Today, both the Fed and the market expect about an additional 100-basis-point hike to the fed funds rate by the yearend. However, whereas the market has anticipated the Fed will start cutting rates in 2023, the Fed has signaled that it will continue tightening monetary policy next year. We believe consumer inflation could remain high for awhile, and it won’t likely settle down to the Fed’s comfort level any time soon. Therefore, we worry that the Fed may overshoot and bring the economy in for a hard landing, as full impact of monetary policy changes traditionally had not shown up until many months later. The Fed may have made a mistake of reacting to inflationary pressures too late; hopefully, they don’t make another one by tightening too much.

Definitions:

The Baltic Dry Index (BDI) is a shipping and trade index created by the London-based Baltic Exchange. It measures changes in the cost of transporting various raw materials, such as coal and steel.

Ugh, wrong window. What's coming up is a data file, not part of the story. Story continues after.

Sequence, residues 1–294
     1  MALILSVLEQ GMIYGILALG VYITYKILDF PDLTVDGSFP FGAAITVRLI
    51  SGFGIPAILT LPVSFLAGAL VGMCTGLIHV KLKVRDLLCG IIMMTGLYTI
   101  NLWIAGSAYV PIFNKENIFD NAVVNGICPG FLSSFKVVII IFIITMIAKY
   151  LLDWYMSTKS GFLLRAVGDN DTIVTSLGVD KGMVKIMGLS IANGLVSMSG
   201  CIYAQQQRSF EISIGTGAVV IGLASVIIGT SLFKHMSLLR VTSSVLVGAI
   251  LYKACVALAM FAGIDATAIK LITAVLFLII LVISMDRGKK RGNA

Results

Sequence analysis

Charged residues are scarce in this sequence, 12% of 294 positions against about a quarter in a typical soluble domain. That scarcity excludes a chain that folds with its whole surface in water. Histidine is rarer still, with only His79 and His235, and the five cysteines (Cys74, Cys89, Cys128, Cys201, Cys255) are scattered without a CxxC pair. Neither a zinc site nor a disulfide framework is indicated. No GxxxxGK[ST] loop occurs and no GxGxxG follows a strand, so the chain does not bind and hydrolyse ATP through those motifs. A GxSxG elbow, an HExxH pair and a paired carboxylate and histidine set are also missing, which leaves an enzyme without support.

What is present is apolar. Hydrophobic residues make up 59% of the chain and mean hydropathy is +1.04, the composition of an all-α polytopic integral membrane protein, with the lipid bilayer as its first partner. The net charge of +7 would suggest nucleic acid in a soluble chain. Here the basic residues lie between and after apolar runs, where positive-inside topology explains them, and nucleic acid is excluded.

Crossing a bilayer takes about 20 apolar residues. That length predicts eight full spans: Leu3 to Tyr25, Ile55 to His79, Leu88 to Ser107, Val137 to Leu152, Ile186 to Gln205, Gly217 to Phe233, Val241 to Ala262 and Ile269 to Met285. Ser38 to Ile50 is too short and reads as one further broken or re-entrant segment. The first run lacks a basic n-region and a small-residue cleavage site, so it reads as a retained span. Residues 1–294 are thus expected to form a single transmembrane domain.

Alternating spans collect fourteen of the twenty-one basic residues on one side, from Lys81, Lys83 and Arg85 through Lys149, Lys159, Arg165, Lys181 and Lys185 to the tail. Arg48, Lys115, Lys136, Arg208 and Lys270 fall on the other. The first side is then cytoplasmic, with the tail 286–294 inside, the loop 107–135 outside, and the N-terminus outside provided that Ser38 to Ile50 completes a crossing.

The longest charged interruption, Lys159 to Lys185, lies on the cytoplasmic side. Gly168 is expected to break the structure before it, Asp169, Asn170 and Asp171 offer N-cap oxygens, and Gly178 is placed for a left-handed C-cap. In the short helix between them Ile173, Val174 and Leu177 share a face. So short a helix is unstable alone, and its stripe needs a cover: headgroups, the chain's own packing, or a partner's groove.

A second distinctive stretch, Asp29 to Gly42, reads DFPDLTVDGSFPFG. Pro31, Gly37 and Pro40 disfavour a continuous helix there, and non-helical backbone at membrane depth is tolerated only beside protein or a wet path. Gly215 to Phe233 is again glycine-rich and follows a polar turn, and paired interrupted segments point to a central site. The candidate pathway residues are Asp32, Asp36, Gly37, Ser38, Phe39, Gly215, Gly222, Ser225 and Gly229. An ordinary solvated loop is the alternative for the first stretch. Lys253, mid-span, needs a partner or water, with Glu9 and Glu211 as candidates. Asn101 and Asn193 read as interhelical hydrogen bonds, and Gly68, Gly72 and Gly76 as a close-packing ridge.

The Global Supply Chain Pressure Index (GSCPI) is a new measurement of supply chain conditions, created by the Federal Reserve Bank of New York.

The Purchasing Managers’ Index (PMI) is an indicator of the economic health of the manufacturing sector, and is based on five major indicators: new orders, inventory levels, production, supplier deliveries and the employment environment.

The views in this commentary are as of the publication date and are presented for informational purposes only. These views should not be construed as investment advice, an endorsement of any security, mutual fund, sector or index, or to predict performance of any investment. Any forward-looking statements are not guaranteed. All material is compiled from sources believed to be reliable, but accuracy cannot be guaranteed. The opinions expressed herein are subject to change without notice as market and other conditions warrant. All third-party trademarks referenced belong to their respective owners.